This equation can be expressed in terms of the amount of oil per unit volume of solid, q, commonly utilized in extraction:

For t > tcr it is assumed that extraction occurs only by diffusion and for this conditions the variation of q with time is given by


3 Experimental data

3.1 Solvent extraction systems

For the purpose of validation of the proposed model, conventional oil extraction data reported in the literature for commercial peanut kernels, and tung fruit seeds (Aleurites fordii), were chosen for the present work (respectively by Fan et al., 1948, and Krasuk et al., 1967). In general terms, the experimental extraction process reported was similar for both seeds, which consisted in extracting slices of seed and evaluating the progress of extraction by a weighing procedure. The oil was extracted by an organic solvent (both pure solvents and mixtures were utilized) at different temperatures and atmospheric pressure. Seed samples of up to 2 mm thick were prepared so as to have one–dimensional mass transport. For peanut slices the authors reported that this was easily obtained and that oil transport occurred basically through the exposed face areas, something that was possible because the edge of the slices consisted of intact surface layer cells that greatly retarded extraction by the solvent. For tung seed slices one–dimensional transport was secured by sealing the edges with an epoxy resin.

3.2 Comparison of conventional and ultrasound assisted extraction

Data reported by Lou et al. (2010) for oil extraction from chickpea with and without the aid of ultrasound were also analyzed with the present model. Two different extraction systems were utilized: a conventional batch solvent extraction apparatus and a so called dynamic extraction chamber, both of which were operated with and without the aid of ultrasound. In the batch solvent extraction system, grounded chickpea were extracted at 60° C in an agitated flask. In the experiments with the dynamic extraction system a relatively small bed of ground seed particles was placed within the extraction chamber and through which a given flow of solvent was made to circulate. For temperature control the extraction chamber was immersed in a constant temperature bath at 60°C. For the ultrasound–assisted experiments, the extraction vessels were immersed in an ultrasonic cleaner (40 kHz) and operated at different ultrasonic powers. The data used in the present work corresponds to ground chickpea with a particle range of 0.2–0.8 mm and the solvent consisted of a mixture of hexane and isopropanol in a proportion 75:25% (v/v). After extraction, the extracts were filtered under vacuum, the oil concentrated with a rotary evaporator, and finally dried in a vacuum dryer to remove residual solvent.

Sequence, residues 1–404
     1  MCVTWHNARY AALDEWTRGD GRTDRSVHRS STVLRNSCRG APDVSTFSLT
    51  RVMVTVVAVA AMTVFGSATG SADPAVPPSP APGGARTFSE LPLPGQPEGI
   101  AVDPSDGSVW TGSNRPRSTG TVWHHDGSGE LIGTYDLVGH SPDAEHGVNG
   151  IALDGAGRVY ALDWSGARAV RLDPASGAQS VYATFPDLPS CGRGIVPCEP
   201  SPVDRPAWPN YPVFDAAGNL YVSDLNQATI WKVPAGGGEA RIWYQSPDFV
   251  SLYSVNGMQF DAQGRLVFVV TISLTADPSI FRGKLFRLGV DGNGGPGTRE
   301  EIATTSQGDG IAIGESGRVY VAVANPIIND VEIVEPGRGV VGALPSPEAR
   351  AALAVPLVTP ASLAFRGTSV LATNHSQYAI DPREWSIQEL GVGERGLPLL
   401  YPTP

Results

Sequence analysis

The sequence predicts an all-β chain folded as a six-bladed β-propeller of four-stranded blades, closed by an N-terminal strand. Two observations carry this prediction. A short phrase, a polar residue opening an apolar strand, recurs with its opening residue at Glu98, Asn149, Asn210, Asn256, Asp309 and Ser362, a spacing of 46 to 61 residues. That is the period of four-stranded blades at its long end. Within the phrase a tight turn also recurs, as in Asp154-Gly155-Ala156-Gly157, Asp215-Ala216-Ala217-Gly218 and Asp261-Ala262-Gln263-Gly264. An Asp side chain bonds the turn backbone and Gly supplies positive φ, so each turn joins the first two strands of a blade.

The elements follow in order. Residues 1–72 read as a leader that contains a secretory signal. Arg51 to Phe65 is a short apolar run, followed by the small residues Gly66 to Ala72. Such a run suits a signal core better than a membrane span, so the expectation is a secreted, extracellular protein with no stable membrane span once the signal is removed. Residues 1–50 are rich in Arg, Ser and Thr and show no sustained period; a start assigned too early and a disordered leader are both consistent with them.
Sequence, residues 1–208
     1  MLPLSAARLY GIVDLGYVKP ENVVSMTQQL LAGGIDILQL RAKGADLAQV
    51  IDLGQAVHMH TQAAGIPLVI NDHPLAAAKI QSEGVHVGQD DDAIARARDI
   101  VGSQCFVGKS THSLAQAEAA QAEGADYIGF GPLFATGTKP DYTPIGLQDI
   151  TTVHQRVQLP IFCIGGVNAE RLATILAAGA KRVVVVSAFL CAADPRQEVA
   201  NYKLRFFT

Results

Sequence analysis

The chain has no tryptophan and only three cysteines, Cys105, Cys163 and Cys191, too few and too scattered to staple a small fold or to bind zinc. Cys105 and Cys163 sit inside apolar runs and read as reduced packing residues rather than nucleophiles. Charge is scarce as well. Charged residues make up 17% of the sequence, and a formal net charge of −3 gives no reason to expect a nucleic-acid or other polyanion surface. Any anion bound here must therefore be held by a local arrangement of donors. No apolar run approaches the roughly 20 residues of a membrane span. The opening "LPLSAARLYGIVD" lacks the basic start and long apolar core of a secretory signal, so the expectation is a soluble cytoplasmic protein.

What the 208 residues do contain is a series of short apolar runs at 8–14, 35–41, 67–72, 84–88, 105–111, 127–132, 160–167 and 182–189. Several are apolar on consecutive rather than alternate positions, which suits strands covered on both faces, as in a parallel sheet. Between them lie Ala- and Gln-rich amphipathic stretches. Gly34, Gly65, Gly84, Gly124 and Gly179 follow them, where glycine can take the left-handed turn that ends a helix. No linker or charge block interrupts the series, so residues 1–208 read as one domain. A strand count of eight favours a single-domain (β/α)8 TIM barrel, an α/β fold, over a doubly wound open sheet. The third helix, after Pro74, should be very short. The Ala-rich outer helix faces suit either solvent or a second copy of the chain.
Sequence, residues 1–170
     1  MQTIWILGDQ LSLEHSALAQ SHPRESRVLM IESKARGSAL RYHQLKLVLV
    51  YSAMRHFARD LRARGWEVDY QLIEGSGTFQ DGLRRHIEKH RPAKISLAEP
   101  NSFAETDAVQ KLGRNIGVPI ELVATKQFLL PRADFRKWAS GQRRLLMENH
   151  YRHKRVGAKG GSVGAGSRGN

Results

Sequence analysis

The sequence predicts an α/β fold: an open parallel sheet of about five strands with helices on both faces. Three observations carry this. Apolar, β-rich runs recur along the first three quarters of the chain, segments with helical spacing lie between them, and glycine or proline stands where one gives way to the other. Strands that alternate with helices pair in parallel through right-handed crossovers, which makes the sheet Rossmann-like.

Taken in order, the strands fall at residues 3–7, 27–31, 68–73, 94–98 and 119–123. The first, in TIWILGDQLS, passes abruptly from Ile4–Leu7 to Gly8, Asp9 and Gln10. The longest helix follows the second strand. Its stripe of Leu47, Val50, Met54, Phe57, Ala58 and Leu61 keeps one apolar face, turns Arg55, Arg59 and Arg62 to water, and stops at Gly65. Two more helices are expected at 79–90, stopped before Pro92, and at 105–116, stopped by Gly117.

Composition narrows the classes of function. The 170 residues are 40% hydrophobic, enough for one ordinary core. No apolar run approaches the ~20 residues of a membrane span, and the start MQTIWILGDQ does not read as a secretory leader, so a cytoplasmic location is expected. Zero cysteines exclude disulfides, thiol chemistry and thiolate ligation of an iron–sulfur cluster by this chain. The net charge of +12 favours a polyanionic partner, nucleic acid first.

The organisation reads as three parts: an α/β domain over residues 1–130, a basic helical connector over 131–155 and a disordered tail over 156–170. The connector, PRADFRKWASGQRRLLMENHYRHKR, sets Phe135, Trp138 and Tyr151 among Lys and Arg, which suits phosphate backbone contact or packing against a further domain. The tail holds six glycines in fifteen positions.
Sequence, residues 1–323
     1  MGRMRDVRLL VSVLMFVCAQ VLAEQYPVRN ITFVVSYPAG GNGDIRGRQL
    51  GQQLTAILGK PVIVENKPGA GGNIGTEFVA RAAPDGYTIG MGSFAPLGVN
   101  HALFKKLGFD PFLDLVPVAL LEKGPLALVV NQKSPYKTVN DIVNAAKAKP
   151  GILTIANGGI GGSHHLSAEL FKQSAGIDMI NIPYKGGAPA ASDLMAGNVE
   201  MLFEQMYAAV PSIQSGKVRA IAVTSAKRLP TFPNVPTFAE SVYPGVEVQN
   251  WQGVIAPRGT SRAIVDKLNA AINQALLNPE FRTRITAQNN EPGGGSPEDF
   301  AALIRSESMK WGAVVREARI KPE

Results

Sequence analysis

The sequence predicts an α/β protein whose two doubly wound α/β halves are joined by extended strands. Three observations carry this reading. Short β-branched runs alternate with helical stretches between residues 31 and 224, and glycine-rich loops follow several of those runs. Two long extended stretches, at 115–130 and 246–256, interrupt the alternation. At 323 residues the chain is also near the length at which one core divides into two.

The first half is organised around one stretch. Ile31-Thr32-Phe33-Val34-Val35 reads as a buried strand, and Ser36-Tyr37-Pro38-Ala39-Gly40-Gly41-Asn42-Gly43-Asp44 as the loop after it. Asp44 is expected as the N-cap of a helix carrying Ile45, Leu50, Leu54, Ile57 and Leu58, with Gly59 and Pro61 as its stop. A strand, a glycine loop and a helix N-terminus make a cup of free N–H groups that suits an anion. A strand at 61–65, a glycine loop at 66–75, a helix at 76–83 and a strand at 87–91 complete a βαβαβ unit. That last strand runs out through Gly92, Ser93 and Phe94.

3.3 Statistical analysis

Oil extraction data reported in the abovementioned experimental works have been fitted to the present model and its performance evaluated based on the following descriptors: (a) the average absolute relative error (AARE) between q/qo predictions and experimental values; (b) the standard deviation (s) of the relative errors and the mean relative error; and (c) the correlation coefficient to assess the quality of the fit by the model. This was done for each of the three seeds considered as well as for the whole ensemble of data.


4 Results and discussion

As mentioned above, experimental oil extraction data for the following seeds peanut, tung, and chickpea (conventional and ultrasound–assisted), have been interpreted in terms of the present model. The information that is obtained from the model consists mainly of the oil effective diffusion coefficient within the solid structure (De), the washing kinetic constant of oil from disrupted cells (), the sample volume fraction of oil–containing disrupted cells (f), and the time period that it takes for the oil in damaged cells to be completely extracted (tcr).

4.1 Extraction of peanut oil